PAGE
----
Risk & Compliance

High Court Sides With Workers in ERISA Case

The Supreme Court makes it easier for pension plan participants to sue sponsors over imprudent investments.
Matthew HellerMay 19, 2015

The U.S. Supreme Court on Monday handed pension plan participants a victory by making it easier for them to sue plan sponsors for imprudently managing investments.

Lower courts had ruled that claims of Edison International employees who sued their 401(k) plan administrator for breach of fiduciary duty were time-barred under the Employee Retirement Income Security Act, which gives workers six years to sue after “the date of the last action which constituted a part of the breach or violation.”

But in a case BenefitsPro said had “the potential to open the floodgates to new claims against plan sponsors,” the high court agreed with the plaintiffs that a sponsor has a “continuing duty” under trust law to monitor investments and remove imprudent ones.

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“In such a case, so long as the alleged breach of the continuing duty occurred within six years of suit, the claim is timely,” Justice Stephen Breyer wrote in a unanimous opinion.

The ruling “will be of tremendous importance in protecting the interests of retirees going forward,” Jerome Schlichter, a St. Louis attorney who led the case on behalf of the Edison employees, told The Wall Street Journal.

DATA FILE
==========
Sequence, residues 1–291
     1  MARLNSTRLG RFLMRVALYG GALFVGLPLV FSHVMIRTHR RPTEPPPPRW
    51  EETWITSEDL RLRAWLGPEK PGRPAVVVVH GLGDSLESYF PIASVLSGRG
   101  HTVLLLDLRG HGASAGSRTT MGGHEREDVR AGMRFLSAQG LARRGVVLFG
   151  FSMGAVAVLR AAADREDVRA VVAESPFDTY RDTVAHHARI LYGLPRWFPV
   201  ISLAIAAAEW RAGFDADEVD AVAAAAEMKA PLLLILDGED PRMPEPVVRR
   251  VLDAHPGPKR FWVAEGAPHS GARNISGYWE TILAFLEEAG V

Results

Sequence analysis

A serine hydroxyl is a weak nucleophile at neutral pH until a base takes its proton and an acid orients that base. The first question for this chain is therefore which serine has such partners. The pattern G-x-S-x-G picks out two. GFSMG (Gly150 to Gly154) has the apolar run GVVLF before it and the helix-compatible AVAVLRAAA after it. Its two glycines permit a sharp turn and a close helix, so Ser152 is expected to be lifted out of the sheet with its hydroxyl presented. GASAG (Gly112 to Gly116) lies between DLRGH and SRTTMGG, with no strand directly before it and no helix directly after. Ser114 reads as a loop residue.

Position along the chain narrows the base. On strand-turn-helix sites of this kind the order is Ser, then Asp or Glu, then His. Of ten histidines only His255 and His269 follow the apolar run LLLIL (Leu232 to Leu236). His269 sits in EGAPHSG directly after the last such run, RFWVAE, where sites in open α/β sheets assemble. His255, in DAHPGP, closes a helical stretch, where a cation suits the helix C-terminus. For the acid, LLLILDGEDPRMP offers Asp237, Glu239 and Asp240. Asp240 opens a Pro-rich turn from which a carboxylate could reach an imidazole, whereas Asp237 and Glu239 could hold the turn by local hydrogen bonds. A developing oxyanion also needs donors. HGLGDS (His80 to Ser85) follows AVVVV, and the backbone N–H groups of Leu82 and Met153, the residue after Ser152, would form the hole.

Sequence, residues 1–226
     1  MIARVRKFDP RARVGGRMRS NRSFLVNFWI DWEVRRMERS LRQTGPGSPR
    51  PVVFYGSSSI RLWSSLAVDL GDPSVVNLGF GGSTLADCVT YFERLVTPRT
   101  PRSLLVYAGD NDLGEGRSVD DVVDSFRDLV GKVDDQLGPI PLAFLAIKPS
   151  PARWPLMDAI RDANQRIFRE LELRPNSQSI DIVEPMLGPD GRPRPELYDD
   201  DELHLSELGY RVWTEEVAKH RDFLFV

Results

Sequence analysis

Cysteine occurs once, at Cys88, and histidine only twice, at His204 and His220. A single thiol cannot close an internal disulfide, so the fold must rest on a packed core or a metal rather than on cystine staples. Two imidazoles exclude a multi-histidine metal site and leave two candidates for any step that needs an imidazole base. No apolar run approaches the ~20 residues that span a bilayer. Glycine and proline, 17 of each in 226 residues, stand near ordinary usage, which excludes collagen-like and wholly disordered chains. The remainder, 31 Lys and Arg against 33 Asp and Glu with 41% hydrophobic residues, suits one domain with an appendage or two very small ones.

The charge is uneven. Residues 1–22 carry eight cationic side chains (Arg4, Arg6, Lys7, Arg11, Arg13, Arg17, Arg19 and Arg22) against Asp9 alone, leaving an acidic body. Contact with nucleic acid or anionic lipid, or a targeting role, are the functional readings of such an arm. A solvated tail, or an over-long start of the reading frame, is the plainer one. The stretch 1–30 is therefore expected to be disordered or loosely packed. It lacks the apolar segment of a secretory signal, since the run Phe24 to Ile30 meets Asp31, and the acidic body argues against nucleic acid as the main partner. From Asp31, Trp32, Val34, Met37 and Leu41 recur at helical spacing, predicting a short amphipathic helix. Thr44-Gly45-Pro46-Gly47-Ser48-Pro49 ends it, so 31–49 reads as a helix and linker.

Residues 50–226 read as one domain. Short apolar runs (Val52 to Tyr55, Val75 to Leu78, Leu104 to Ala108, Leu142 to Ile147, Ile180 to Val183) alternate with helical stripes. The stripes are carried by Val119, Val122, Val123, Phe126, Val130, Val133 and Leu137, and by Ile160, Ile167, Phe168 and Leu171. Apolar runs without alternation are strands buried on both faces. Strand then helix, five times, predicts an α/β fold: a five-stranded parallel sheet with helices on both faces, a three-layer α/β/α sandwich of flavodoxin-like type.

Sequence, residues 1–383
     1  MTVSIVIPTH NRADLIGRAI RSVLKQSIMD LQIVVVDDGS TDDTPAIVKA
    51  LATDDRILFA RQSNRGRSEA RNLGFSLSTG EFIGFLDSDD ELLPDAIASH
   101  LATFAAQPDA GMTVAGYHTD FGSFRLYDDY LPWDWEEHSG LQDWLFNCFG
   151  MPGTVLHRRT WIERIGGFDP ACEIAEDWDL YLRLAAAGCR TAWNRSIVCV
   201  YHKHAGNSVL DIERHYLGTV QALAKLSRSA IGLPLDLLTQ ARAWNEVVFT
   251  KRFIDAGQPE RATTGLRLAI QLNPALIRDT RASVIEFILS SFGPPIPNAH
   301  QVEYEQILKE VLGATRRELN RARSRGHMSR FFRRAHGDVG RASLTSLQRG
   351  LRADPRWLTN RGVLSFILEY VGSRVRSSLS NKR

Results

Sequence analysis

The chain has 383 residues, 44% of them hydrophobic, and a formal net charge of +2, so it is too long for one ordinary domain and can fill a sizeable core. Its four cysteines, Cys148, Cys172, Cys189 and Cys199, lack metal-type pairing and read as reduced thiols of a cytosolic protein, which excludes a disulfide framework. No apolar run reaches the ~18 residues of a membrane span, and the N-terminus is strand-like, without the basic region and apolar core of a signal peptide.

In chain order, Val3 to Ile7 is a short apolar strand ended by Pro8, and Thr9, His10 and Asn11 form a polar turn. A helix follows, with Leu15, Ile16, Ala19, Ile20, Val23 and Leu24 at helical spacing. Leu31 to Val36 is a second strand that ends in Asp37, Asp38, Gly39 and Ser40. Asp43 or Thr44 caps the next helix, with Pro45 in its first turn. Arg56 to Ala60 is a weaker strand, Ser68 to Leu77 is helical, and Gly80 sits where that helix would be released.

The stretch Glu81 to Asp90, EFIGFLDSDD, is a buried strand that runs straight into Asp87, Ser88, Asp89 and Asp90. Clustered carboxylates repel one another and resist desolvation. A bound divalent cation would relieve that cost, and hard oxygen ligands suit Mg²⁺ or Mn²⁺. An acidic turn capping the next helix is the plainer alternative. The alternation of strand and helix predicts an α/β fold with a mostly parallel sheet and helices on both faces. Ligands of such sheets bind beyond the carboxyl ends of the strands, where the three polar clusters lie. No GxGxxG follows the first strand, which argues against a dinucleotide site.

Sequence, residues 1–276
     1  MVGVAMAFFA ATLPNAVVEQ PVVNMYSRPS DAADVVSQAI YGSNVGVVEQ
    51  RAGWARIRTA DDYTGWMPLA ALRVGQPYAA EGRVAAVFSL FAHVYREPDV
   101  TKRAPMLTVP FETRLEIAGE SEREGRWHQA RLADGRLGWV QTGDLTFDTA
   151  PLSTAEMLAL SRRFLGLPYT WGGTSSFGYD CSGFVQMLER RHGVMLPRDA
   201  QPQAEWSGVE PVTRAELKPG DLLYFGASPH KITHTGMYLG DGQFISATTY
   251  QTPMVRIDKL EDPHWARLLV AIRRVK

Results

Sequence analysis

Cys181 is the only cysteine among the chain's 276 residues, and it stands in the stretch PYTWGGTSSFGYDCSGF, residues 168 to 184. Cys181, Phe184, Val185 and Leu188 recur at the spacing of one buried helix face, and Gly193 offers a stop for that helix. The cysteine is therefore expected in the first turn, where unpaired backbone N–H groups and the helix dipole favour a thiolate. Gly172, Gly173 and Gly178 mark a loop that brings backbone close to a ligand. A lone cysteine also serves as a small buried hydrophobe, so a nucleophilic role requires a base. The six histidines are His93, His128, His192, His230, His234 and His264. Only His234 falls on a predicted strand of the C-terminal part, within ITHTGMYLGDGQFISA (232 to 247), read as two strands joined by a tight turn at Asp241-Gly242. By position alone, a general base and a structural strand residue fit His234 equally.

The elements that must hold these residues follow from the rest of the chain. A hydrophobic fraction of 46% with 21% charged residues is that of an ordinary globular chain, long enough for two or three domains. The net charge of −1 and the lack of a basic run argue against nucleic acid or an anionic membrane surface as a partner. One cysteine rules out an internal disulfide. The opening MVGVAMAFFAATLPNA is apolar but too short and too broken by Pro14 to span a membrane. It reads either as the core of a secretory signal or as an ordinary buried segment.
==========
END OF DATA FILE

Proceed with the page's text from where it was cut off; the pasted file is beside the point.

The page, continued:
California-based Edison added six mutual funds to its 401(k) plan in 1999, but the workers did not file their class action until August 2007, alleging the plan improperly bought retail-class shares, rather than identical institutional-class shares that carried lower fees.

In March 2013, the 9th U.S. Circuit Court of Appeals upheld a trial judge who dismissed most of the beneficiaries’ claims, ruling that their argument would “make hash out of ERISA’s limitation period and lead to an unworkable result.”

The plaintiffs’ appeal to the Supreme Court was backed by the U.S. Solicitor General, who said that ERISA “imposes a continuing duty of prudence on plan fiduciaries, and [the Edison plan] breached that duty throughout the limitations period by continuing to offer higher-cost investment options when identical lower-cost options were available.”

In reviving the case, the Supreme Court expressed no view on the scope of Edison’s fiduciary duty, remanding the case back to the trial court to determine whether the utility “breached their duties within the relevant 6-year period.”